that name of his, you would expect Paul Dédalus, he must be a Joycian figure.
He most certainly had a difficult childhood and if you have seen his first
appearance in My Sex Life, or . . . How I
Got Into an Argument, you know he definitely appreciates women. Dédalus
takes stock of his life as well as the great love of his life in Arnaud
Desplechin’s My Golden Days (trailer here), which opens this
Friday in New York.
is about to transfer from his diplomatic post in Tajikistan to a cushy job back
home in the French Foreign Ministry. Unfortunately, he will have to leave a
perfectly good lover. It will not be his first affair to have a bittersweet
ending, but it still has him feeling sentimental. As Dédalus returns to a more
conventional life, he revisits memories of his formative years. His trip down
memory lane very intentionally evokes the vibe of Truffaut’s Antione Doinel
films, but Dédalus’s extremes were even more extreme.
Dédalus and his siblings grew up terrorized by their mentally ill mother Jeanne
and neglected by their emotionally distant father, Abel. Dédalus was the one of
always stood up to the unbalanced woman, but one day he reached his breaking
point and ran off to live with his beloved great aunt and her understanding
lesbian lover. As a teen, Dédalus is still a protective figure to his siblings,
but he also develops an interest in politics and girls. By far, the best
sequences in the film chronicle Dédalus’s school trip to Minsk, where he has
secretly arranged to smuggle money and supplies to Jewish Refuseniks. However,
the rather noble episode will have unexpected consequences years later, as the
audience shall learn in due time.
preponderance of the film in some way addresses his complicated relationship
with Esther, beginning in their school days and continuing rather awkwardly
into his early professional adulthood years. She was pretty in high school and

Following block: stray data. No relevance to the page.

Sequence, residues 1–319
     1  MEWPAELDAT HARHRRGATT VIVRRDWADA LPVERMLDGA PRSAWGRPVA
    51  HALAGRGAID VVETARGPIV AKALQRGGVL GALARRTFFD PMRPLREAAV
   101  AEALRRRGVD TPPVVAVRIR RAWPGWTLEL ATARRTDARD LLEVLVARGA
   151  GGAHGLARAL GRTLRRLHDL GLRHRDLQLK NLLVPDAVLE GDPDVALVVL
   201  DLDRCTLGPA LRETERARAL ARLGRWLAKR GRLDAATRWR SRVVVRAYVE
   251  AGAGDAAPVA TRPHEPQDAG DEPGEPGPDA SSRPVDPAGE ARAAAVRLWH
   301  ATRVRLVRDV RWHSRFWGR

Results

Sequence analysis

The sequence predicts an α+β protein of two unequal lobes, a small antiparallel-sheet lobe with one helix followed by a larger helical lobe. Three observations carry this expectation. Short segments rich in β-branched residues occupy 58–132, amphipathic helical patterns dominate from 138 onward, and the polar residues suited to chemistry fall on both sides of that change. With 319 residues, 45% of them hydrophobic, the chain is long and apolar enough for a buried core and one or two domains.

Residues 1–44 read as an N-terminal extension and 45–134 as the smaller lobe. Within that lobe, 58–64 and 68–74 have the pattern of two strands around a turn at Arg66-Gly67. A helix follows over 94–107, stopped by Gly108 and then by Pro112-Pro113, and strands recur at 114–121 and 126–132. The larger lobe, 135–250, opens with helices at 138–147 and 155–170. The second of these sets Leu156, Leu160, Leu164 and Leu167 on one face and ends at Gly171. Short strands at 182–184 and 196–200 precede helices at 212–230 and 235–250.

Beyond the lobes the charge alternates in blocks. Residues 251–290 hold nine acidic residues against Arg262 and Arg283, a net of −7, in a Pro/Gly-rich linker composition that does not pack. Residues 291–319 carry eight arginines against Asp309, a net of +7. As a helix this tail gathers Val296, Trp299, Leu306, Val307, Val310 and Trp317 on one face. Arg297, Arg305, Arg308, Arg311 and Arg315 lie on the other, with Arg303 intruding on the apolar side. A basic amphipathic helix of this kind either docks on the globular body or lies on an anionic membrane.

she knew it, but somehow Dédalus managed to charm her with his combination
chutzpah and self-deprecating humor. For a while, they seem truly happy
together. However, it slowly starts to unravel when his advanced studies force
them into a long-distance relationship in the pre-skype era. Yet, it is Esther
who becomes the needy, desperately clingy one, compulsively writing Dédalus at
least one letter each day.
all seems sadly inevitable, but Dédalus will have the final word on the matter
when he chances into an old acquaintance in the film’s brilliant capstone scene
that just might become emblematic of the careers of Desplechin and his frequent
leading man, Mathieu Almaric.
Golden Days is a film rife with telling
exchanges, but its inconsistency makes it more of a masterwork than the
masterpiece some have suggested. Frankly, there is more teen angst than you
will find in an entire season of the CW television network. Yet, amidst all the
high school stuff, Desplechin springs quietly powerful moments on viewers, as
when Abel Dédalus suddenly decides to act like a father and tries to console his
returning to a familiar role, Mathieu Almaric is wonderfully unpredictable as
the world-weary Dédalus. He can be cavalier one minute and burst into an
eruption of nervous energy seconds later. However, the sad-eyed Quentin
Dolmaire and the pouty Lou Roy-Lecollinet carry the dramatic load, developing relatively convincing chemistry as the young
and naïve Dédalus and Esther, respectively. It seems like every French film
released this year features André Dussolier, but that is not such a bad policy.
True to form, he is rather elegantly sinister in his brief appearance as an
intelligence service interrogator.
terms of form, Golden Days is a
Proustian memory play, but aesthetically, it is a big, rangy film that
practically throws in the proverbial kitchen sink. It has its excesses and its
pacing issues, but when it works, it devastates. Overall, it is a potently
nostalgic film that amply rewards viewers who wrestle with it. Recommended for
patrons of French cinema, My Golden Days opens
this Friday (3/18) in New York, at the IFC Center downtown and the Elinor Bunin
Munroe Film Center uptown.
Labels: Arnaud Desplechin, French Cinema, Mathieu Almaric